Housing is the other economic sector that has been hyper-stimulated by the Fed and the Government with artificially low-interest rates and taxpayer-sponsored low to no-down-payment mortgages. Housing is going to head south quickly as well. This was evident with yesterday’s construction spending report: June private construction spending fell .6% from May, non-residential construction dropped its most since December, April construction spending was revised to down 2.9% from down 2%. In construction, every minute detail must be looked into, especially when normal construction such as this shifts. Just because of this decline this does not mean that it will stay down, that is why Sage field service software, as well as other management services, are required to keep on top of current developments so when things pick up again they do not miss a beat.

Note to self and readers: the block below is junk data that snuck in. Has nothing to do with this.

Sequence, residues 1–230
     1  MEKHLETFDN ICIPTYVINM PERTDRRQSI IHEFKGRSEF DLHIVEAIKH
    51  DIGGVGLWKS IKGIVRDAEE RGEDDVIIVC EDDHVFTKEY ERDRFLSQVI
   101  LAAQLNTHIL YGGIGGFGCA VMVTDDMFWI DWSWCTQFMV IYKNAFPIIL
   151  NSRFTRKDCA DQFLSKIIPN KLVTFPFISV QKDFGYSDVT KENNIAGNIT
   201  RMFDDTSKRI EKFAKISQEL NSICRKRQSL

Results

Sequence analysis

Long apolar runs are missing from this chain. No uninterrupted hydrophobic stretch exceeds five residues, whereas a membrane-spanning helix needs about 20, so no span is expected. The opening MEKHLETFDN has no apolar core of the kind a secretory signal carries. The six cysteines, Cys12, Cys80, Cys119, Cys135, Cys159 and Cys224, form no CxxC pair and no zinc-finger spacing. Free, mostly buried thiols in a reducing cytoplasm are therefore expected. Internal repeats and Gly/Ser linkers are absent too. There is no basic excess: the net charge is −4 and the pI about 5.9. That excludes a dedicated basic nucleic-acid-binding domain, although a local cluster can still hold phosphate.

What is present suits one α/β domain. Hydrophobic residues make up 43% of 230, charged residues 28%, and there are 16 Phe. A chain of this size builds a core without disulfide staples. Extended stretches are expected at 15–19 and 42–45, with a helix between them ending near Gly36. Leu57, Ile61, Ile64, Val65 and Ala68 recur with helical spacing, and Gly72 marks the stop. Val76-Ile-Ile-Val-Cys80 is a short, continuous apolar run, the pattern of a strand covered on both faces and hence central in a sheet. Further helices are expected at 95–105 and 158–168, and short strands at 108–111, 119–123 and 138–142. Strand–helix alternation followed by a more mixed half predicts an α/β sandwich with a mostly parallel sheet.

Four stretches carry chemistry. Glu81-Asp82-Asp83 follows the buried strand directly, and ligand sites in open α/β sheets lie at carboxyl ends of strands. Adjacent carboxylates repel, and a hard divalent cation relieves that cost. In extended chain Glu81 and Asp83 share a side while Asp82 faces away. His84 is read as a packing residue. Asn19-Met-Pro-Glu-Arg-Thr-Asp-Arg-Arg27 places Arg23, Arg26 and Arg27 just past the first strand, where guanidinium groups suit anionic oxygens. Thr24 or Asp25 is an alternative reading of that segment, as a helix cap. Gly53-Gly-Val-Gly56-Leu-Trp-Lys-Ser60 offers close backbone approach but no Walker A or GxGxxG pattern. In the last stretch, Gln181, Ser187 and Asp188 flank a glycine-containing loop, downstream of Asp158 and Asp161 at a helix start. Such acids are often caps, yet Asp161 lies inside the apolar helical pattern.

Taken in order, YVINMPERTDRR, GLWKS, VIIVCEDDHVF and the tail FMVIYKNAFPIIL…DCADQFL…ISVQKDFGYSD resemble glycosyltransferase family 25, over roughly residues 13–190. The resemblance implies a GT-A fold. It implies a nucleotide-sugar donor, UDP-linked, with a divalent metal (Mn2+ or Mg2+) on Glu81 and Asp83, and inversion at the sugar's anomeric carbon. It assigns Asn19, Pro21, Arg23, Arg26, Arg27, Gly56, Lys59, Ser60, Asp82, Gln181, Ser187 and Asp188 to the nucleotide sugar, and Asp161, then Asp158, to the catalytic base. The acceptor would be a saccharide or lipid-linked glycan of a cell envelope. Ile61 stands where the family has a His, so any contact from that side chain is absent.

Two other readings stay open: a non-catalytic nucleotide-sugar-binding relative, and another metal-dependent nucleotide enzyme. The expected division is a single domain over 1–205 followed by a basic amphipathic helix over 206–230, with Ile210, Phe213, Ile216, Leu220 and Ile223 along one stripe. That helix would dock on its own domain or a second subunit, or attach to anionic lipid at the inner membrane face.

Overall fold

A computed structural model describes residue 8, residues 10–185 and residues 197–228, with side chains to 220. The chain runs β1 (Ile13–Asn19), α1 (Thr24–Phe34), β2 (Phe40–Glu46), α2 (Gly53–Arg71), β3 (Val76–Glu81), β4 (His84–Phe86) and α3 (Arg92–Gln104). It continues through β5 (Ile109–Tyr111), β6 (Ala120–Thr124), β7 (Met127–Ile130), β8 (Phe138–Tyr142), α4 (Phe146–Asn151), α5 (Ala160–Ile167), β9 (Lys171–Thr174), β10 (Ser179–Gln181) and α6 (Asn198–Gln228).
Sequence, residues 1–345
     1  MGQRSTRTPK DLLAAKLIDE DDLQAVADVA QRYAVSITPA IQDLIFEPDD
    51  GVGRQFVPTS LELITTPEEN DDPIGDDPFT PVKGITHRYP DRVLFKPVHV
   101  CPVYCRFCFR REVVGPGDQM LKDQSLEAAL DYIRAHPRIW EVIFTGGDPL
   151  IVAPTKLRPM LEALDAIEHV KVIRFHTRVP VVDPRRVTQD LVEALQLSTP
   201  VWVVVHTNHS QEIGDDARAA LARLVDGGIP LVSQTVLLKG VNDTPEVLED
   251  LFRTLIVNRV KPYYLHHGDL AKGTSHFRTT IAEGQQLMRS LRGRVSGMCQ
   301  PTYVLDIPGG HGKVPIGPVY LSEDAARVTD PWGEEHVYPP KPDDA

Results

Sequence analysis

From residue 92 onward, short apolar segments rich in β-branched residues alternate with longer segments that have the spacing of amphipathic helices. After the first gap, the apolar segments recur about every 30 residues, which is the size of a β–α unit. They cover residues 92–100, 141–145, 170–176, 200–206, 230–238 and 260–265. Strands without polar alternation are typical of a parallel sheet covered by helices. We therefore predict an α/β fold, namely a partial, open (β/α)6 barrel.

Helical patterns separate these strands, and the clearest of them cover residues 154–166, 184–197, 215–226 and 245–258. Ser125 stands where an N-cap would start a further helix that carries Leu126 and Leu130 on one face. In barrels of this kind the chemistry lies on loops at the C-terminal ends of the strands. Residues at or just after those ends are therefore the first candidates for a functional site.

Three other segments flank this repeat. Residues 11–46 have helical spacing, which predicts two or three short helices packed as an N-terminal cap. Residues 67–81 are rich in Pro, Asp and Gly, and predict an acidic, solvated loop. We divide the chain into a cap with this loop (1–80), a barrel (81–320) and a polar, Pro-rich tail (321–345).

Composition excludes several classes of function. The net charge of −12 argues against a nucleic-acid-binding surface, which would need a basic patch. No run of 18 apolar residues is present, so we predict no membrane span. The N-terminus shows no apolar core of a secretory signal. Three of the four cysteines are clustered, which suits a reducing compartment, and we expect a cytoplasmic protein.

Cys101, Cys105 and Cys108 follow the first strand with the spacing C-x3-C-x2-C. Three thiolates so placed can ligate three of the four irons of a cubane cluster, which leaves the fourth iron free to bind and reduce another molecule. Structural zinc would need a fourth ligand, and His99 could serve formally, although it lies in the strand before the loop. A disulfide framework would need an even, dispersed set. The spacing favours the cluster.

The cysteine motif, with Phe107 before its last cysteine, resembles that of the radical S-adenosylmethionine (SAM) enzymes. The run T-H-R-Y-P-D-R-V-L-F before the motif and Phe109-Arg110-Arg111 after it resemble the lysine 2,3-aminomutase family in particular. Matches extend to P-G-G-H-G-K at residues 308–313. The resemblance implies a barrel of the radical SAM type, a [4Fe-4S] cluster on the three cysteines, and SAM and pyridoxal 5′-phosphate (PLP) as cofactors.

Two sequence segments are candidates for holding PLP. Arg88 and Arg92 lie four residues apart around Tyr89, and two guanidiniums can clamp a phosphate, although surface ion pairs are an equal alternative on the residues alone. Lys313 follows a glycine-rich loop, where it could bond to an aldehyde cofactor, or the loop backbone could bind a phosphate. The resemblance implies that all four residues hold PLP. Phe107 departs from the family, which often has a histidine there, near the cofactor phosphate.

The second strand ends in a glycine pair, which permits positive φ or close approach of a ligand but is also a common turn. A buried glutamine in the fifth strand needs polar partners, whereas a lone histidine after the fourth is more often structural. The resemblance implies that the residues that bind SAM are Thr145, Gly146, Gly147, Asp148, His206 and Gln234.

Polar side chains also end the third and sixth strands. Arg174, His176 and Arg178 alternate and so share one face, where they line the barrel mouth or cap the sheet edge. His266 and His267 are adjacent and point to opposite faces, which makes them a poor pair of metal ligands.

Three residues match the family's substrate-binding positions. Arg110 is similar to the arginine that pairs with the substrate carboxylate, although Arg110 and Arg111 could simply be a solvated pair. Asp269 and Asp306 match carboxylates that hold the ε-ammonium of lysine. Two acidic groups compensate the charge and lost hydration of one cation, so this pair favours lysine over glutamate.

Not only is construction spending declining, previously reported construction spending is being revised to show that it was weaker than originally reported. For the US, this is not sounding good. Construction businesses in the UK, such as construction companies west midlands, could be argued to be going through similar things in terms of interest rates and the lack of house building.